Editor’s note: The United Nations adopted 17 sustainable development goals (SDGs) in 2015 and urged all its member countries to make efforts to achieve them by 2030.

The 17 include “no poverty,” “zero hunger,” “good health and well-being," “quality education,” “gender equality” and “climate action.”

But how should companies introduce those goals in their businesses?

The Asahi Shimbun interviewed 10 top executives of companies belonging to the Global Compact Network Japan (GCNJ), which mainly consists of firms supporting SDGs.

The following is the fourth of the series. The interviewee is Yoshihiro Hidaka, president of Yamaha Motor Co., a major boat maker.

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Yamaha Motor Co. is selling outboard engines throughout the word. It is also making efforts in developing countries, such as those in Africa, to exploit new markets.

We developed highly durable outboard engines for fishermen who were rowing their boats by hand to go to the offing. As the engines do not easily break down even with poor-quality fuel, fishermen’s fishing areas expand. Therefore, the engines contribute to heightening the economic levels of fishing villages.

However, our business does not end with the sale of the engines. Our company’s employees remain in the villages for the time being for maintenance.

In addition, we have introduced fishing methods, such as longline fishing and dragnet fishing, to fisherman. During the period from 1977 to 1995, we published a newspaper-style “Fishery Journal,” which introduced Japanese fishing methods and fish storage methods with illustrations.

The next step is boats. My company is also manufacturing boats made of fiber-reinforced plastics (FRP). If fishermen use wooden boats, the quality of fish they caught may deteriorate by the time they return to port. If boats are equipped with facilities to store fish in cold conditions, they can keep the fish fresh. As a result, fishermen can sell high-quality fish in distant places. The productivity of fishermen drastically improves.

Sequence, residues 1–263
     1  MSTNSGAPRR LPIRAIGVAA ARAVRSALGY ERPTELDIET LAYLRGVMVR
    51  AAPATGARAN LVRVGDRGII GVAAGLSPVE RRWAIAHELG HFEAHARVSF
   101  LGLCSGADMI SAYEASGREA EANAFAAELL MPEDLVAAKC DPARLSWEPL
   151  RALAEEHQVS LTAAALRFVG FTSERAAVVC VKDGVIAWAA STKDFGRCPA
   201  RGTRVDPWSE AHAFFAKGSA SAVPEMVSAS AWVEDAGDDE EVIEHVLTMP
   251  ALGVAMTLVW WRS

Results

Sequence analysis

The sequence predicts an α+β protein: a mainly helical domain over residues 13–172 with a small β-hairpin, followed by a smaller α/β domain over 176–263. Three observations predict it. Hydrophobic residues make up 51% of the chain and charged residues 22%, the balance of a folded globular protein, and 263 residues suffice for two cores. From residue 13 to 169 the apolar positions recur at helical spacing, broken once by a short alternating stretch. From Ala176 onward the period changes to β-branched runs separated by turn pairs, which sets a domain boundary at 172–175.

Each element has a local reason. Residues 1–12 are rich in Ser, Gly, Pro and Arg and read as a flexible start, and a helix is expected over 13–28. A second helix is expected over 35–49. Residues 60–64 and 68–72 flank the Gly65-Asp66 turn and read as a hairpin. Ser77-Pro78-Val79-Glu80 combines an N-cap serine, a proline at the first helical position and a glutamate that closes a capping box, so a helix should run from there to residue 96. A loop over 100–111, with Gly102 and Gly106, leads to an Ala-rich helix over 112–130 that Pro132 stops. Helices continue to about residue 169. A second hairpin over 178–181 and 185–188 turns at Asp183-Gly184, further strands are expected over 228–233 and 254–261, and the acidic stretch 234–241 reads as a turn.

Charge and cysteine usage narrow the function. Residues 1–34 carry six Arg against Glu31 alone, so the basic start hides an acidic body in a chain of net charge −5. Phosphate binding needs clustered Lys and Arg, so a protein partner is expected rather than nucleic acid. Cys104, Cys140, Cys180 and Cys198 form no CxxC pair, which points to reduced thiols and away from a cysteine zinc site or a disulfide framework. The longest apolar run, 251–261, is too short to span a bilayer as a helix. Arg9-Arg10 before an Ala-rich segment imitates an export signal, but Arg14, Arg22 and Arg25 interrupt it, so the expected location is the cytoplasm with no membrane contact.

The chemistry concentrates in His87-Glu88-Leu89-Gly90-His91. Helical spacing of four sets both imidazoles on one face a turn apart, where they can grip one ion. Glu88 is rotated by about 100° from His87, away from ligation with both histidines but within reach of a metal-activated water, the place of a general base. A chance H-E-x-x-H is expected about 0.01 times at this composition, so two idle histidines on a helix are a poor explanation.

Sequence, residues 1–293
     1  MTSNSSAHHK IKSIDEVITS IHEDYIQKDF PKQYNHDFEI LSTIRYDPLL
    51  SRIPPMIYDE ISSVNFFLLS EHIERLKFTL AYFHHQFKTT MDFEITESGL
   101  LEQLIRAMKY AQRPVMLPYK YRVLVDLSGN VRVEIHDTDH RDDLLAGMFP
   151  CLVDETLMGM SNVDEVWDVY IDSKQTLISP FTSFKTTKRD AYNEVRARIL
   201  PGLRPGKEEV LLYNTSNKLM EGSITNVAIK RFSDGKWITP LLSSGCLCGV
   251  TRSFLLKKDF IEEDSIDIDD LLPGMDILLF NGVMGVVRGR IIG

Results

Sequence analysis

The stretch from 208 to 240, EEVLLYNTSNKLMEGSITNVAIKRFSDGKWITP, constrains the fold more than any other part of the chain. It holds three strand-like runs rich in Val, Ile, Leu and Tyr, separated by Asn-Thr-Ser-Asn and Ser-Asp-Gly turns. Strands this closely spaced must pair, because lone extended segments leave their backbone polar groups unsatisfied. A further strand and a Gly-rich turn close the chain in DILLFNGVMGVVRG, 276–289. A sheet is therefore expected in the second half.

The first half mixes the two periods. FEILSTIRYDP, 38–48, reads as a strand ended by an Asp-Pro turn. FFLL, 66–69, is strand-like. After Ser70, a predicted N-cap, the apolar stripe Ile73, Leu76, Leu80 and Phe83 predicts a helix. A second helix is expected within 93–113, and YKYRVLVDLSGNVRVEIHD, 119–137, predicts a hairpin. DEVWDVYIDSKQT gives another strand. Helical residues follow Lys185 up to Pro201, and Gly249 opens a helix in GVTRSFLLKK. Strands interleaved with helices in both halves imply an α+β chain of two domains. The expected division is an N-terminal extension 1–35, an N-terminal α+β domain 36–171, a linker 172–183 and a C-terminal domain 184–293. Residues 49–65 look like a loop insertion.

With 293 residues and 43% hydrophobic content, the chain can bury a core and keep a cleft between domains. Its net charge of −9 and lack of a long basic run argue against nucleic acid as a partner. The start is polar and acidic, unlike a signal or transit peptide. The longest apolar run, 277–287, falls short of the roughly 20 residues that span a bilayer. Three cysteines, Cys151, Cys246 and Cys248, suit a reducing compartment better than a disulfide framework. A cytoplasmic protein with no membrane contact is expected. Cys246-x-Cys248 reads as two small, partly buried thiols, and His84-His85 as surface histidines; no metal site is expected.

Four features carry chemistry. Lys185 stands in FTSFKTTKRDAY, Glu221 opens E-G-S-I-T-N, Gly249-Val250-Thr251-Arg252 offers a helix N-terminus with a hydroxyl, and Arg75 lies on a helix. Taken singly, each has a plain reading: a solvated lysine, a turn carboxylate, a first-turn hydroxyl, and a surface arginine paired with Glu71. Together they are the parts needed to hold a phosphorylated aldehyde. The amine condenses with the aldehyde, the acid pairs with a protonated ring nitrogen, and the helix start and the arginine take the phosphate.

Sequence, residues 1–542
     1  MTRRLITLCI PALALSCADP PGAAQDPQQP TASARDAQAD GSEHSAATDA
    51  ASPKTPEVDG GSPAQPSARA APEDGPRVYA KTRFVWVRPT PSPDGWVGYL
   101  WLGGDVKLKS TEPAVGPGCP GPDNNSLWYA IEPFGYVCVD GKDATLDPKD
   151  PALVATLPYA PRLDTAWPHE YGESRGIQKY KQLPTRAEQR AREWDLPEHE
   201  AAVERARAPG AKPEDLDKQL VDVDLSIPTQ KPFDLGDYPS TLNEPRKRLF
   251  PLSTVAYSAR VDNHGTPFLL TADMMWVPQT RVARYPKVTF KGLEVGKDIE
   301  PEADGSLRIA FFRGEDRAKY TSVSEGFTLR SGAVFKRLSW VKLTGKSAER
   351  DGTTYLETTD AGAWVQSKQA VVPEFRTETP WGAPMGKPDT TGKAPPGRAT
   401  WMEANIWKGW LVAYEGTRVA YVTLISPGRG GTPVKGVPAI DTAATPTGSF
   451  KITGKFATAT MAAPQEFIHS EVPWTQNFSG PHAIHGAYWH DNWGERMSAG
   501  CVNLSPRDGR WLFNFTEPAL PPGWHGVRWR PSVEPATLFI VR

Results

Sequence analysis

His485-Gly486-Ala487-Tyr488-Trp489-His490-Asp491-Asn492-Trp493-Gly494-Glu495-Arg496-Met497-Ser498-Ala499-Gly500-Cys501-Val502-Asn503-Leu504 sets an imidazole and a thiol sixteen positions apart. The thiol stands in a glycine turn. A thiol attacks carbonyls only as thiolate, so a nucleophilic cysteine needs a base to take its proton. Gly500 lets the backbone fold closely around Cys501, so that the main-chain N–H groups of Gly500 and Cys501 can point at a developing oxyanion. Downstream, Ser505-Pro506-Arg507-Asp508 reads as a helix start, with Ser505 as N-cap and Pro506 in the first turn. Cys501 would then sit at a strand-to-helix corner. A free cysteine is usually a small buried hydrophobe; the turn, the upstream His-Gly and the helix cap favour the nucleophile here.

By manufacturing boats in those countries and raising engineers, we can also generate new employment. As these fishery-support activities have gained high praise in developing countries, we’re also going to spread these activities positively from now on.

What I’m feeling now is that young employees’ awareness toward social contribution is heightening. I think that if society is filled with goods and education is sufficiently implemented there, a desire to make the entire society better will spread. Making it clear that what they’re doing is leading to solutions for social problems is useful to maximizing the motivation of young employees.

Activities for social contributions will not continue for a long period if they are conducted on a voluntary basis. The activities must come into existence as a business while solving social problems. The coexistence of the two factors is a condition to be able to continue the activities.

Motivation and a sense of mission are important for young people. In addition to these, corporate managers are required to judge whether the activities can come into existence as business opportunities. If they can make the judgment, they can tackle projects while predicting circumstances of five years or 10 years later.

I think that activities for SDGs will also contribute to companies’ brand strategies.

My company is also engaged in installing small water purification systems for providing safe water in countries, mainly those in Africa. It installed a total of 24 systems in 12 countries by the end of 2017.

The business has produced few profits. But we’re continuing to do the installations, thinking that we want people in those countries to have good impressions of the Yamaha brand in places close to their daily lives and become familiar with it.

(This article is based on an interview by Asahi Shimbun Staff Writer Satoshi Kimura.)

ENGAGED IN ENVIRONMENTAL PROTECTION ACTIVITIES

Yamaha Motor is Japan’s largest company in the marine business, such as the production of outboard engines and boats. It is also manufacturing motorbikes and helicopters for agricultural purposes.

The company is advocating a “Kando-creating company” as its corporate purpose. (Kando means simultaneous feeling of deep satisfaction and intense excitement that people experience when they encounter something of exceptional value.)

In December 2017, the firm expressed its participation in the United Nations Global Compact as part of its efforts for SDGs.

In Japan, Yamaha Motor is engaged in activities to protect loggerhead sea turtles, an endangered species, along the Enshunada sea area's coast in Shizuoka Prefecture, where its head office is located.

It is also tackling activities to clean Hamanako lake in the prefecture and to conserve coral reefs in Okinawa Prefecture.